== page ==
Our View: Path of a poet laureate begins in the High Country
Even if most of us aren’t
certain about what the job involves, something there is that loves a poet
And in announcing North
Carolina’s newest laureate, there’s a lot to love — especially for the High
Gov. Bev Perdue’s selection
of Appalachian State University professor Joseph Bathanti as our state’s top
literary ambassador is a solid choice. Although the poet is not a North
Carolina native, he says in an interview that he “fell in love instantly with
North Carolina” after relocating here in 1976.
There is truth in that
statement, and not because Bathanti said so — but because the best poets don’t
treat words as wallflowers, they make them dance.
Through an ongoing history
of social outreach and commitment to North Carolina via his talent, Bathanti
has reached into the rural areas of our state, often with duel swords: he has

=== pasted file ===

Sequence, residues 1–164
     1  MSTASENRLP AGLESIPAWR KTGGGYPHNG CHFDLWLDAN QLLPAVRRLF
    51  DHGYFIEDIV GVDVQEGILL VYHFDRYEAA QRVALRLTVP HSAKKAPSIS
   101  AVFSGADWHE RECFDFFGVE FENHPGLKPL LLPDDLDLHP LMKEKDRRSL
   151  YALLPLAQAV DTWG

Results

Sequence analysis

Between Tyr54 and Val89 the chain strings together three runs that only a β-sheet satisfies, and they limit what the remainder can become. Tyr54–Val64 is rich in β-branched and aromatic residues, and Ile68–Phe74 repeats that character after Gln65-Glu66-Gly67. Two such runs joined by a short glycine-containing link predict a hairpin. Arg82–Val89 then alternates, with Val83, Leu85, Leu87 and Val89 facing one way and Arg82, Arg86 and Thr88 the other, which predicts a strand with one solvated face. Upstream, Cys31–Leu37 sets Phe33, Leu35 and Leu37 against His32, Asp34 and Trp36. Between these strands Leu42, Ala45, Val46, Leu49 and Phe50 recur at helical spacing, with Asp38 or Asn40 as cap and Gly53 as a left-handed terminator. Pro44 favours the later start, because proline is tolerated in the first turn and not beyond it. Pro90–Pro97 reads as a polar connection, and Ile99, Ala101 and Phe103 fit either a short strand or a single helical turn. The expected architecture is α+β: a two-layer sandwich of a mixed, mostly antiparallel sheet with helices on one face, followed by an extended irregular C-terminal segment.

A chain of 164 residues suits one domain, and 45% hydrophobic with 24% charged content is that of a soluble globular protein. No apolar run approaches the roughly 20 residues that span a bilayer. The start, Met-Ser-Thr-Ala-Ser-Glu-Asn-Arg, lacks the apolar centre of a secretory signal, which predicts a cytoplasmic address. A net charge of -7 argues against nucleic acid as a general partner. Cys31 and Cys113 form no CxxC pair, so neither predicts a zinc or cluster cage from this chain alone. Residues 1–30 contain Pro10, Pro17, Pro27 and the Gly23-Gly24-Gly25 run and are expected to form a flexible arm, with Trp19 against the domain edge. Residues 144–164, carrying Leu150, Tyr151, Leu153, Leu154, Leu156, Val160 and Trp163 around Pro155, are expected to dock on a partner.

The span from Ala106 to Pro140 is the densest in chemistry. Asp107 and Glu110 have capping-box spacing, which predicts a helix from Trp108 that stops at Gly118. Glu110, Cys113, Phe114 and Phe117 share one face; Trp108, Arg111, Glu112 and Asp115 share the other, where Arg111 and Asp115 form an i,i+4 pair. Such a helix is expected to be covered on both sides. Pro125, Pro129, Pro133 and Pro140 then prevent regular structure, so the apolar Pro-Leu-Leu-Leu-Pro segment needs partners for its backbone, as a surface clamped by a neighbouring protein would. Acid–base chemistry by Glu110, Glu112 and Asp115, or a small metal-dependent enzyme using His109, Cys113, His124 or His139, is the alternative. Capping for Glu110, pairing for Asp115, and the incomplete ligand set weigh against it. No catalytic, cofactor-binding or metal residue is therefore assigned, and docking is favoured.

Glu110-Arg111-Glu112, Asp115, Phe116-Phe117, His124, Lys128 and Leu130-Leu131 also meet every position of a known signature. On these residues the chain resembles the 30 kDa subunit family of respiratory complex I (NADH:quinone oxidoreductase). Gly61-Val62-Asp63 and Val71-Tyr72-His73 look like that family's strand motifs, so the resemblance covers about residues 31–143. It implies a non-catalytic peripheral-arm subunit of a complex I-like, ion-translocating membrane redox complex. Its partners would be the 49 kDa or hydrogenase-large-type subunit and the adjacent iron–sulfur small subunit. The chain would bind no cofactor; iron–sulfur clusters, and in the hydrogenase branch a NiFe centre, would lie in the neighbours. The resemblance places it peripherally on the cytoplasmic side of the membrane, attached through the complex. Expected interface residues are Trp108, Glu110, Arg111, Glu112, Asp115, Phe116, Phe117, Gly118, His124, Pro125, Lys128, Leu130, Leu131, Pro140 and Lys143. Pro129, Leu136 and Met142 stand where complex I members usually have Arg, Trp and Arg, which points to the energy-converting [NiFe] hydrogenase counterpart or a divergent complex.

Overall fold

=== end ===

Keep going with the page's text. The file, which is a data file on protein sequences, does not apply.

been part of a national program that fights poverty and he has shared his
literary gifts in bringing visiting artists to small towns and rural communities.
His work with our state’s prison system is well-documented, and his project to tell the stories of North
Carolina’s veterans is admirable and timely.
Certainly, Bathanti claims
no seat in an ivy tower, and this is what North Carolina needs most in its poet
laureate. From prisons to classrooms, Bathanti’s poetry is as accessible as the
Bathanti’s selection as North Carolina poet laureate is a crowning achievement for a gifted wordsmith, further recognition for Appalachian State University and a well-positioned choice to represent one of the most literary states in the nation. We look forward to enjoying the fruits of his tenure.